by Clif Burns(ExportLawBlog): Amir Ardebili, who we posted on here and here, is not the only Iranian being chased by U.S. prosecutors for activities he committed entirely outside the United States and which were legal in the country where they took place. Majid Kakavand, on whom we previously posted here, used a company of his in Malaysia to order electronic components from U.S. companies and then transshipped those components to Iran. He was provisionally arrested in France in March 2009 at the request of the United States and is currently in France, out of jail but unable to leave France, awaiting the French court’s decision on the U.S. extradition request.
According to this article in the New York Times, a hearing was held last week by a French court on the extradition request. Kakavand’s lawyers argued that Kakavand’s activities did not violate any laws of France or the European Union and that the items were innocuous items that were not useful in the defense industry. Because these items could be legally shipped to Malaysia without an export license and because the U.S. criminal information against Kakavand did not allege that the items in question were on the Commerce Control List or the United States Munitions List, this argument seems to have some force. Another hearing has been scheduled by the French court for February 17.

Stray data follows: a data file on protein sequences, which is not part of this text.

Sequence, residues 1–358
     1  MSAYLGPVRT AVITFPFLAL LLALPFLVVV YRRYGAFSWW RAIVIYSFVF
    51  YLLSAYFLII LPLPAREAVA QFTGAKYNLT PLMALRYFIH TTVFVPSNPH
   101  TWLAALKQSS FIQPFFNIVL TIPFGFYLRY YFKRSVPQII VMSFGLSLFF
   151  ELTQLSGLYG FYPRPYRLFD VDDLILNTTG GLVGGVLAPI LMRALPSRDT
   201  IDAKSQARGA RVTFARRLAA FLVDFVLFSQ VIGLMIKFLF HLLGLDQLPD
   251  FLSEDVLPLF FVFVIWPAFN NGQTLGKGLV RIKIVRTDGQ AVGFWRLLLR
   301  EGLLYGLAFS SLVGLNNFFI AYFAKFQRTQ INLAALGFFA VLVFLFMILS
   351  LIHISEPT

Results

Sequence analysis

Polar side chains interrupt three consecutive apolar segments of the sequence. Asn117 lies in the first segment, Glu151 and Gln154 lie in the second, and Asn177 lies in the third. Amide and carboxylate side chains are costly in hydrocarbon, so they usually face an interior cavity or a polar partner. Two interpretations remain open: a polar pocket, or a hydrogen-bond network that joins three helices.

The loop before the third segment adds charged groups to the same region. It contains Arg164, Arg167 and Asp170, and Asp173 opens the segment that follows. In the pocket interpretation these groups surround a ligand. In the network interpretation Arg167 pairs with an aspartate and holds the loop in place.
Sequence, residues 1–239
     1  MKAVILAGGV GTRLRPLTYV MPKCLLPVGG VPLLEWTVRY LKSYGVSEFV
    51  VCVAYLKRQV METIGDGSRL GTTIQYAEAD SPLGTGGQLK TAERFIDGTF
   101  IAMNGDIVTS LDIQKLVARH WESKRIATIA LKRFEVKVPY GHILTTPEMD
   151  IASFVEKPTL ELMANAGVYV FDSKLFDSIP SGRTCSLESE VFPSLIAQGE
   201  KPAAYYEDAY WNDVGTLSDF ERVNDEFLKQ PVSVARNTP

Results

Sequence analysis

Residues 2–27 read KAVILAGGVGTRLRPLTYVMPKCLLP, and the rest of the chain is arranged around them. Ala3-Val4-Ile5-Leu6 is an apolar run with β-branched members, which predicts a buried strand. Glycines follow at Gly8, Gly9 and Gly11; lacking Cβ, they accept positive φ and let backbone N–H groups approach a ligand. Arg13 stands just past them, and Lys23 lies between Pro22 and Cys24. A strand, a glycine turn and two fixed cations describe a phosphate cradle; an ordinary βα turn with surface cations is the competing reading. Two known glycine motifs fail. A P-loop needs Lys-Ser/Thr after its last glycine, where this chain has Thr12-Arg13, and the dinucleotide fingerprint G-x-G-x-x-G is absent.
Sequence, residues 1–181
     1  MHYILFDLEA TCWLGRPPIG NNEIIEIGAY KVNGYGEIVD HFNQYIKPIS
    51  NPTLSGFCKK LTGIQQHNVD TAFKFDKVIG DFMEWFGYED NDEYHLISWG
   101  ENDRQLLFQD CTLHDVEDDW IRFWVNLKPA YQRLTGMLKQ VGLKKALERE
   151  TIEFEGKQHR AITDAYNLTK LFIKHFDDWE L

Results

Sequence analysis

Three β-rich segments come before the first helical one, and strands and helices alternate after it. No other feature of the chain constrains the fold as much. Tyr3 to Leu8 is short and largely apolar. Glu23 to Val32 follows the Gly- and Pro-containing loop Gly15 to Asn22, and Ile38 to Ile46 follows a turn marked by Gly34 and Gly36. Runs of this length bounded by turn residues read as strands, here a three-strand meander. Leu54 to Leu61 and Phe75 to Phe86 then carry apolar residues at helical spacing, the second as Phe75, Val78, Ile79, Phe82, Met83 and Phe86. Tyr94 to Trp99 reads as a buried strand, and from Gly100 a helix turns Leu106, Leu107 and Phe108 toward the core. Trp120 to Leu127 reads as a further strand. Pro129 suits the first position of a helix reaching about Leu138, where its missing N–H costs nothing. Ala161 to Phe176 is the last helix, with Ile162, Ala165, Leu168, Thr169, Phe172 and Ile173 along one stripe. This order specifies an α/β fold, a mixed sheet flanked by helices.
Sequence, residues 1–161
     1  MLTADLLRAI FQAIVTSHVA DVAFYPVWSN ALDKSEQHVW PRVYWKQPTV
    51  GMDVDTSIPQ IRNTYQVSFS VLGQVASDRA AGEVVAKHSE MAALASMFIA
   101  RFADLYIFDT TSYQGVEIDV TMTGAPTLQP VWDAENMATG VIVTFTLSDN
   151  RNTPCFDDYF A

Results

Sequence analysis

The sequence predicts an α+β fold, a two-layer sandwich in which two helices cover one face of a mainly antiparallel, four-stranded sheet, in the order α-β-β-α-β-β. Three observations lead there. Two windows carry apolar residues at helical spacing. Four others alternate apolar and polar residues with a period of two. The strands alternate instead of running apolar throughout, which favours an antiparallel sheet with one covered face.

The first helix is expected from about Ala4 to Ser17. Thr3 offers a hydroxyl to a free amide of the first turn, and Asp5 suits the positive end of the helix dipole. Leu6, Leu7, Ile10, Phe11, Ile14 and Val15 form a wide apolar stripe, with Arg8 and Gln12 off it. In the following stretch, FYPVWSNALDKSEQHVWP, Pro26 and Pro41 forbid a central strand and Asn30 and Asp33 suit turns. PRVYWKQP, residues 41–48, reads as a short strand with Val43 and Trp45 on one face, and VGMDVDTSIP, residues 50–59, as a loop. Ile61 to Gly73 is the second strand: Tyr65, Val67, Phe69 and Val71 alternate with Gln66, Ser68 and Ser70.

And as with the Ardebili case, the Iranians were quick to link the fate of Kakavand with an Iranian trial. In this case, the trial in question is a prosecution brought by Iran against a 24-year-old French academic, Clotilde Reiss, in connection with her alleged participation in opposition protests following the Iranian elections last June. Apparently, the concept of a fair trial is so foreign to Iran that it hasn’t occurred to the Iranian government that a French court might actually listen to defense arguments and make a decision based on the rule of law.